Paula Nadelstern
Quilts, Kaleidoscopes, and Life

Based on notes taken at a meeting of the Quilter's Guild of Dallas, December 4, 1997

To set the scene for her quilts and quilted art, Paula told us a little bit about herself. She grew up in New York City, specifically, the Bronx. Today she lives in the same neighborhood in which she grew up, in a 9th floor two-bedroom apartment. She stressed how little space she actually has for her projects, as there is no garage, no attic, and no storage shed. She has no spare room, no dining room, no enclosed patio in which to store her fabrics or work. She sews on her kitchen table with a Featherweight she's had for 30 years, and hopes it doesn't break as she plows through her projects. The machine only sews forward and backward, and she uses it to machine piece her quilts. She says she'd like to machine quilt them as well, but the Featherweight can't handle that so she does them by hand. When it's time for dinner, the fabric and machine go on the floor. After dinner, it goes back so she can resume sewing.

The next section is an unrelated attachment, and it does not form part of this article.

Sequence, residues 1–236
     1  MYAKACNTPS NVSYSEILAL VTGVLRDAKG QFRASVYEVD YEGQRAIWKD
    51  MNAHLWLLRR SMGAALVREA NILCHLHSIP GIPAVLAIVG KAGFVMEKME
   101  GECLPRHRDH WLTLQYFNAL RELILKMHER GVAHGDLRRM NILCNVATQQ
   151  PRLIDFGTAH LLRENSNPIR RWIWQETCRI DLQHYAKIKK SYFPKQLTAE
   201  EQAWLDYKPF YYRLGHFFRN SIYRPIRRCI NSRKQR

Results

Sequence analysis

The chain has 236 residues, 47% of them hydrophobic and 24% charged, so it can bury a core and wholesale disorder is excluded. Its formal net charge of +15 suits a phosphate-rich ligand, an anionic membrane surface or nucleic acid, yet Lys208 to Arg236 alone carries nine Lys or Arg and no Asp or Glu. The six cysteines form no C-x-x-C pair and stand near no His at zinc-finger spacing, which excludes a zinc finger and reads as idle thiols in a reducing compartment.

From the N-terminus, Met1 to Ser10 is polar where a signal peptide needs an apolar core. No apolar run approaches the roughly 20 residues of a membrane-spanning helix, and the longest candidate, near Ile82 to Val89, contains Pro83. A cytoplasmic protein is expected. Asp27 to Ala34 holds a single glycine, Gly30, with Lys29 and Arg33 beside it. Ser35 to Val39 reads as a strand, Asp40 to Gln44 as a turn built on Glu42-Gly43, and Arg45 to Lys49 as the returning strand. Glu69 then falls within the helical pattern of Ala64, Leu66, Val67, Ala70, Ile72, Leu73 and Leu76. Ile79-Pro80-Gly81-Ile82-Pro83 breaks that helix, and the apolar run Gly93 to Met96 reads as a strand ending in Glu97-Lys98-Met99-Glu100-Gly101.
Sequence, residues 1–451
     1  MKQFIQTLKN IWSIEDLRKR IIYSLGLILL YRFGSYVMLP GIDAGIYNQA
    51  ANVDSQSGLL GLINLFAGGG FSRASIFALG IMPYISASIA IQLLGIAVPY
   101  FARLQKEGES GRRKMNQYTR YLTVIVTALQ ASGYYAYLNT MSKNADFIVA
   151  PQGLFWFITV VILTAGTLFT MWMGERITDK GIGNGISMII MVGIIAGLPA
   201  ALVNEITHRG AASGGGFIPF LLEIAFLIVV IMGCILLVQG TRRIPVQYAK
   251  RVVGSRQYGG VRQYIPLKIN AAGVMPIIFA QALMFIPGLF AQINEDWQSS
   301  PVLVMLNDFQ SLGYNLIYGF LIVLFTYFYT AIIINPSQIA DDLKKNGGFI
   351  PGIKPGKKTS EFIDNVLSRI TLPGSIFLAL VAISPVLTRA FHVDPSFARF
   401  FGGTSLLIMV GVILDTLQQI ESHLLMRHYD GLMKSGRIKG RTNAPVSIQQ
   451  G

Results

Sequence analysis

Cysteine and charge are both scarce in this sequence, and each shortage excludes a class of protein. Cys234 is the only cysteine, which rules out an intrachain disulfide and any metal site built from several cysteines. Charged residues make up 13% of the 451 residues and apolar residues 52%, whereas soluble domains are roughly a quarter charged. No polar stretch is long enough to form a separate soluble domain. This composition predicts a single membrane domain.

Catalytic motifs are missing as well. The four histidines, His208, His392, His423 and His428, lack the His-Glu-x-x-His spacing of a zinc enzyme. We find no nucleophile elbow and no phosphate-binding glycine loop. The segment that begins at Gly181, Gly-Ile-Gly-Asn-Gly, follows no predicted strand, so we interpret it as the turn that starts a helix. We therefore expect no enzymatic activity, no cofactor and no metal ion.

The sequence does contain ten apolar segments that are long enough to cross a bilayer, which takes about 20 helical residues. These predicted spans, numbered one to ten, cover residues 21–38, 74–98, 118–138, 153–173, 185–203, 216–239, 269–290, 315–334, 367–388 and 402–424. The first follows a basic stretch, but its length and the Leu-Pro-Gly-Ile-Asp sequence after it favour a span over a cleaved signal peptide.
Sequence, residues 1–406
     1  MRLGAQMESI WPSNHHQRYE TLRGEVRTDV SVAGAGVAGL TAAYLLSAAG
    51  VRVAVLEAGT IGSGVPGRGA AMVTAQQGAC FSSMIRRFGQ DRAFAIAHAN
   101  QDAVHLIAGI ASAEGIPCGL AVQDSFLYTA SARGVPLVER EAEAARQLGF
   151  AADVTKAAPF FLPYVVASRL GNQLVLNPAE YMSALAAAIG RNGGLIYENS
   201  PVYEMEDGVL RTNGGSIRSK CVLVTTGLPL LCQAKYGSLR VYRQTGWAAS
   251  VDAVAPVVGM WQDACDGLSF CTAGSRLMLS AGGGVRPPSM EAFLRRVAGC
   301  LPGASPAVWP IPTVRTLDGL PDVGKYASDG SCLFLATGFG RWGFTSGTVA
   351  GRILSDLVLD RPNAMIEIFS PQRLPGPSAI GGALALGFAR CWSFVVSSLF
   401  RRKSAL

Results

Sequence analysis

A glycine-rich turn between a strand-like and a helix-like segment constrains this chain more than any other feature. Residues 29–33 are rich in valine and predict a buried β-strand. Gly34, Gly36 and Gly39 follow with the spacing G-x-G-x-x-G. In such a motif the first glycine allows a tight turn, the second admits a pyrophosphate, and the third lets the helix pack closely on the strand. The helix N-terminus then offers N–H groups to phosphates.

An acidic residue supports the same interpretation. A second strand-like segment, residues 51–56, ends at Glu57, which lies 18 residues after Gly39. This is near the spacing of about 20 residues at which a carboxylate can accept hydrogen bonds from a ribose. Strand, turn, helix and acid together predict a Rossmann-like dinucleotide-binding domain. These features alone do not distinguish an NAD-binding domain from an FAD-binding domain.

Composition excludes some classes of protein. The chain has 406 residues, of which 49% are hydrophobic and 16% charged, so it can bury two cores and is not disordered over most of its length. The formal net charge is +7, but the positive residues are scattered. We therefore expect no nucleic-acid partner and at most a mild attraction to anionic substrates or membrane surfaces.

Paula claims she really doesn't sew very well, she learned from her mom who was a home economics teacher who also did not sew very well, but who was a good teacher to others. Describing her attitude toward quilting, Paula says "I want it all and I want it now." She admits she's in it for the fabric, and that she doesn't make excuses for her stash. Her quilt projects let her use a tremendous variety of fabric, despite the space limitations she has. Paula says she sometimes feels like the pioneer women, who also had space limitations as they crossed the prairies. Most of her quilts are smaller sized, about right for a wallhanging.

To make her famous kaleidoscope quilts she begins with a circle and breaks it up into wedges. She doesn't work with blocks, she works with triangles. The kaleidoscope functions like a circle, she says, it has degrees that can be divided by the number of wedges you want to work with. In her case she created patterns for eight 45 degree triangles. Working with each wedge, Paula does not know what her kaleidoscope will look like until it is finished. She says she has to be exact with her measurements or she ends up with a raised center-- "It's not what I started out to do"-- and she's tempted to applique something over it to flatten it down.